The City, the Country, and Extended Accumulation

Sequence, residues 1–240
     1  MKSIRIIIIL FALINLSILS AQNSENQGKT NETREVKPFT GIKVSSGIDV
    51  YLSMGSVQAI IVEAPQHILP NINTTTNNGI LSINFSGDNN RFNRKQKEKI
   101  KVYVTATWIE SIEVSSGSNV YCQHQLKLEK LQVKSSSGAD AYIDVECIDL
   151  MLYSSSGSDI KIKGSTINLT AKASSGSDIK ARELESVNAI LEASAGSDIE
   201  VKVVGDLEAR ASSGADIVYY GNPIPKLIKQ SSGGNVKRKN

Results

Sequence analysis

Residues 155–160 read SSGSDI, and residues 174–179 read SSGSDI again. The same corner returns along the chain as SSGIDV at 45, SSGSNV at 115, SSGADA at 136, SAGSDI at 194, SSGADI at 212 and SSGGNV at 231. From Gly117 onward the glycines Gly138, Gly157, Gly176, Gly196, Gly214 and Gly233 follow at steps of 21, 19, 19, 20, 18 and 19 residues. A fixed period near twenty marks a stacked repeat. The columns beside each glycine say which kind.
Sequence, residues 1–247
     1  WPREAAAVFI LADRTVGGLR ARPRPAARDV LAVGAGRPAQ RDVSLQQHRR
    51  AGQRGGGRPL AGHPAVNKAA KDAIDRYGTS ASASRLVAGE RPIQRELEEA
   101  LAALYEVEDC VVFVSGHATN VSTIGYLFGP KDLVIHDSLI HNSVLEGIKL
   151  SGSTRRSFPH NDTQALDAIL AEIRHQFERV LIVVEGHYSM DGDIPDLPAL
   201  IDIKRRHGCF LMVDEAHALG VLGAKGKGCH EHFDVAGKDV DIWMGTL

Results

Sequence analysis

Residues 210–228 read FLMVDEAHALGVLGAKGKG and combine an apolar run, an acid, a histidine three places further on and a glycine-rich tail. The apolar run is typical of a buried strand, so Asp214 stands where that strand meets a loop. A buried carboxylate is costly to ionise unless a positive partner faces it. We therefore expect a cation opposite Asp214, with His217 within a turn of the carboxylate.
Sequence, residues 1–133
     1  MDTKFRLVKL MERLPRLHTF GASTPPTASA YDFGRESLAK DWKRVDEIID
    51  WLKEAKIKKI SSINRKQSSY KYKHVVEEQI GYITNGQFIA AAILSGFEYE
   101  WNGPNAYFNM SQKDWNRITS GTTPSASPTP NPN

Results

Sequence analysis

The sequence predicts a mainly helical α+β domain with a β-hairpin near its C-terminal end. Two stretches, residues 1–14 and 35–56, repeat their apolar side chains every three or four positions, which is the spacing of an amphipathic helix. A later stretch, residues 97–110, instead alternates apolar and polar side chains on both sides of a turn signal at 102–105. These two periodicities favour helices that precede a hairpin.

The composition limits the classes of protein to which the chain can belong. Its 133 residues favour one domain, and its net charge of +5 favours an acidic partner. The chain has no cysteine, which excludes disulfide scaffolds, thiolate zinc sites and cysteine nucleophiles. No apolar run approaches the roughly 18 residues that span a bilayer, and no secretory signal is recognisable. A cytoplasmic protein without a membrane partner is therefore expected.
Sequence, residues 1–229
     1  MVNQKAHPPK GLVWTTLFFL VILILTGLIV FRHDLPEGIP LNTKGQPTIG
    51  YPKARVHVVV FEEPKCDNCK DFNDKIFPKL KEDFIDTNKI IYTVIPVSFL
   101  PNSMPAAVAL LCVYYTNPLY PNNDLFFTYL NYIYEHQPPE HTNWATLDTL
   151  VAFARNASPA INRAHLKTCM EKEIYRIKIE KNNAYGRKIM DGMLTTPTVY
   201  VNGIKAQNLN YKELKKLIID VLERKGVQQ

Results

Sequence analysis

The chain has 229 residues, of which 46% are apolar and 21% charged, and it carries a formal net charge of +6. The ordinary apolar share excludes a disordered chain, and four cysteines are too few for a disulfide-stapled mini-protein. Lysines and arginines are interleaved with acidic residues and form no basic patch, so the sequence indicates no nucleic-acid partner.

Chapter Five describes the intersection of moral philosophy and poetics, and uncovers what I term the “enthusiastic aesthetics of history.” The guiding question that I ask here is: how did the discourse of enthusiasm come to inform the ways that poetic form represented history and historical change? I approach this question via a return to the history of legal transformation, and an extended engagement with the social, historical and material context of urban development. In readings of seventeenth- and eighteenth-century statutes concerning sewer management and rural agriculture, I describe the concentration of British law around problems of commodity exchange and the protection of property. I return to Chapter Two’s discussion of capital punishment and state formation, and show how a legal area as seemingly mundane as sewer and land management expressed key aspects of nation-building and of the development of the legislative character of Britain. Uncovering this history adds a crucial chapter to our understanding not only of how capital development proceeded in the early eighteenth century, but of how aesthetic form registered these historic processes. Jonathan Swift’s poetics, I argue, aesthetically reformulate the occlusion of these territorial histories from casual view. In readingsof “Stella’s Birthday” and the urban georgic, “A Description of a City Shower,” I argue that Swift creates an “enthusiasm of history,” a poetic argument about the complex nature of historical change.
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